Test-Driving NVIDIA's GRID GPU Cloud Computing - HotHardware

Test-Driving NVIDIA's GRID GPU Cloud Computing

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When NVIDIA first announced that it would create a workstation-class remote virtualization system that enabled full GPU acceleration with latency-free streaming I was more than a little skeptical. Not only did it seem like a solution in search of a problem, the bandwidth requirements and technical heavy-lifting to support professional PC users seemed too steep to surmount in a few short years. Then, this week, NVIDIA announced that it would offer a free 24-hour test drive of NVIDIA GRID to anyone who wanted to see what the technology could do. We took the company up on its offer and what we've seen is damned impressive.

Understanding NVIDIA GRID


NVIDIA's GRID is a virtual GPU technology that allows for hardware acceleration in a virtual environment. It's designed to run in concert with products from Citrix, VMWare, and Microsoft, and to address some of the weaknesses of these applications. The problem with many conventional Virtual Desktop Interfaces (VDIs) is that they're often either too slow for advanced graphics work or unable to handle 3D workloads at all.


If you've ever used Microsoft's Remote Desktop Protocol, a VNC program, or a service like LogMeIn, you probably have seen the problem (note: These are not VDIs -- but they're consumer applications that encounter many of the same latency and 3D support issues). Some applications -- namely, those that use an entirely software graphics solution, like VNC clients, can run 3D applications on the remote desktop, but either fail to pass back the actual image or render the displayed output in seconds per frame instead of frames per second. Others, like Microsoft's RDP, have much faster performance but use a custom driver architecture that doesn't allow for 3D acceleration.

Now, with GRID, NVIDIA is claiming that it can offer a vGPU passthrough solution that allows remote users to access a virtualized desktop environment built around a high-end CPU and GPU. The test systems the company is using for these 24-hour test drives all use a GRID K520. That's essentially two GK104 GPUs on a single PCB with 8GB of RAM.

The GRID Test Drive


NVIDIA's Test Drive is designed to give anyone a chance to see how the program works generally, but GRID is designed for corporate deployments across high-speed networks, not for cross-country Internet connectivity from a home account. The TD program is still in beta, the deployment range is considerable, and the test drives themselves are configured for a 1366x768 display at 30 FPS and a maximum available bandwidth cap of 10Mbit. For reference, that's more than my current Internet connection can reliably deliver in any case, which typically tops out around 8 Mbit.

Boot up for the first time, and this is what you see;


An instance of an NVIDIA GRID desktop.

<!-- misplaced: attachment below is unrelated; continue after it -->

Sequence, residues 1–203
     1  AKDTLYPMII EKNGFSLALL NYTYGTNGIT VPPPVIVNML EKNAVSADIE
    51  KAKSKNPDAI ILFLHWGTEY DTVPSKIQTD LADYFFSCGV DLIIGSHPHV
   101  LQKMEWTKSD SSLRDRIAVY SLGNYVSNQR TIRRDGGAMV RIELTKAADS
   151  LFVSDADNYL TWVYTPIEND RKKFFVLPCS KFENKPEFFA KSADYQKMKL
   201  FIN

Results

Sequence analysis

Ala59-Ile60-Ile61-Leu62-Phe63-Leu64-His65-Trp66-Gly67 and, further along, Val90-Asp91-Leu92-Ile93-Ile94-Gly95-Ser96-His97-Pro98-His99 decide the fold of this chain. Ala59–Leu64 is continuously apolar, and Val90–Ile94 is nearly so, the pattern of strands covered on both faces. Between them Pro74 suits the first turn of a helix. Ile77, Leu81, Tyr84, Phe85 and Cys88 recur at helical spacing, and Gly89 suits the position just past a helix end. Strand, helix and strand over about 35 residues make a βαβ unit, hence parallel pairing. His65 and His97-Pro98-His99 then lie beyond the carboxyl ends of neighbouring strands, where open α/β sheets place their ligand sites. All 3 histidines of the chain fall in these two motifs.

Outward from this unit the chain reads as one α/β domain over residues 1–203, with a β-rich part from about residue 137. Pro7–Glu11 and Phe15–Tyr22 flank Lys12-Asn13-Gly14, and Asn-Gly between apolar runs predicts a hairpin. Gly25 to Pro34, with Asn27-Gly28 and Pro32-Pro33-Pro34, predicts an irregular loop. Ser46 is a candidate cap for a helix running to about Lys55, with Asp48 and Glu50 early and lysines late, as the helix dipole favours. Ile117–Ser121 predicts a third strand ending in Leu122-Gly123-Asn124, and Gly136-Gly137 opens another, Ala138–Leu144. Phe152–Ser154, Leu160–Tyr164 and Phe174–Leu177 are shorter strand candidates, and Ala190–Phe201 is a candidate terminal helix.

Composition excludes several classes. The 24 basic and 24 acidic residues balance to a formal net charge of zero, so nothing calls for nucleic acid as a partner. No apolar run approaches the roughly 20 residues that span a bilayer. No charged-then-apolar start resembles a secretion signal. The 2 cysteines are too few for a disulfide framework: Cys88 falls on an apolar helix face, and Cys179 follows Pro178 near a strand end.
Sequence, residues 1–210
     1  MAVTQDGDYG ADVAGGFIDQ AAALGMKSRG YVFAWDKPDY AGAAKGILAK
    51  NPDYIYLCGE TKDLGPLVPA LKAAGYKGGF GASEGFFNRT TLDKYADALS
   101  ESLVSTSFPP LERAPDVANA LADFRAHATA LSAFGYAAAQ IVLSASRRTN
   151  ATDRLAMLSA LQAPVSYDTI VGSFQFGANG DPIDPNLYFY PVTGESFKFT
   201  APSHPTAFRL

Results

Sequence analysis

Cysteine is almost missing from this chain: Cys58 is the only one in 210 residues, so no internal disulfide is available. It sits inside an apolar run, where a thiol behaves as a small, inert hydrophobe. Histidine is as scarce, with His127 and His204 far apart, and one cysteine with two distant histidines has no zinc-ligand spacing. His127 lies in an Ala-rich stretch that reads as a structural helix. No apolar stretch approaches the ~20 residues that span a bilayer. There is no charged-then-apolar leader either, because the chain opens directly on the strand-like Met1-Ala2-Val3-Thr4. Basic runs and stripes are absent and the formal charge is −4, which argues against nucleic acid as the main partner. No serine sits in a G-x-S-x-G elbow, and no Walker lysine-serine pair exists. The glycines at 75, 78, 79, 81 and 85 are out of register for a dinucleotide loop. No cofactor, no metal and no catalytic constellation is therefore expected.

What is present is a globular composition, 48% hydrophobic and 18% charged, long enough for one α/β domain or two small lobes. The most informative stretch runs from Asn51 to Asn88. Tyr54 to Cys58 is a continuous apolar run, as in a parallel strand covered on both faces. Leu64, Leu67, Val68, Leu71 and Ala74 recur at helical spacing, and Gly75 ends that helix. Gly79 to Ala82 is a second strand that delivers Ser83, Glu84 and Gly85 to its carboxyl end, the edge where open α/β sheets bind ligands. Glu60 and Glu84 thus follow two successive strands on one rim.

I fired up and installed Sandra 2014 and ran its CPU benchmark to get an idea of what performance looked like on the virtualized environment. Sandra detects that it's running on a standard Xeon, though it's worth noting that the server "forgot" my installation overnight. VDI's can be configured to retain user settings and data, so this is not a major issue.




SiSoftware SANDRA quick sanity check.

Everything normal here. Performance is noticeably slower than a local host but here's the thing -- if you've ever actually used a remote access product, you know that a full screen refresh can sometimes take a few seconds. Turning off all UI elements and using minimum color can sometimes help marginally, but typical remote desktop software is mostly useful as a means of accessing a system for diagnostic reasons -- it's not an experience that anyone would ever mistake for "native" performance. Furthermore, Grid's target environment is corporate deployments with higher bandwidth and much lower overall latency. The end result is that Grid offers a fundamentally different experience, often with far higher quality. Let's look at how that plays out in more advanced 3D applications and video playback.

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"If you've ever used Microsoft's Remote Desktop Protocol, a VNC program, or a service like LogMeIn, you probably have seen the problem (note: These are not VDIs -- but they're consumer applications that encounter many of the same latency and 3D support issues). Some applications -- namely, those that use an entirely software graphics solution, like VNC clients, can run 3D applications on the remote desktop, but either fail to pass back the actual image or render the displayed output in seconds per frame instead of frames per second."

1) RDP is a superset of VDI, and it is NOT a consumer application. The IMPLEMENTATION of RDP in consumer products is far from ideal, but that is not an issue with RDP itself.

2) RDP is in frames per second even in the consumer implementation, usually getting ~10fps for video intensive things over LAN at 1080p 24bit

3) RDP will work with most display methods other than hardware specific DX implementations (DXVA doesn't work because of that), you can certainly watch (choppy) video through MPC-HC over RDP.

"Others, like Microsoft's RDP, have much faster performance but use a custom driver architecture that doesn't allow for 3D acceleration. "

RDP allows GPU virtualization and full 3D acceleration though the RemoteFX. Not all systems are compatible server side, but all clients are. I personally haven't tested it, but apparently it works pretty well.

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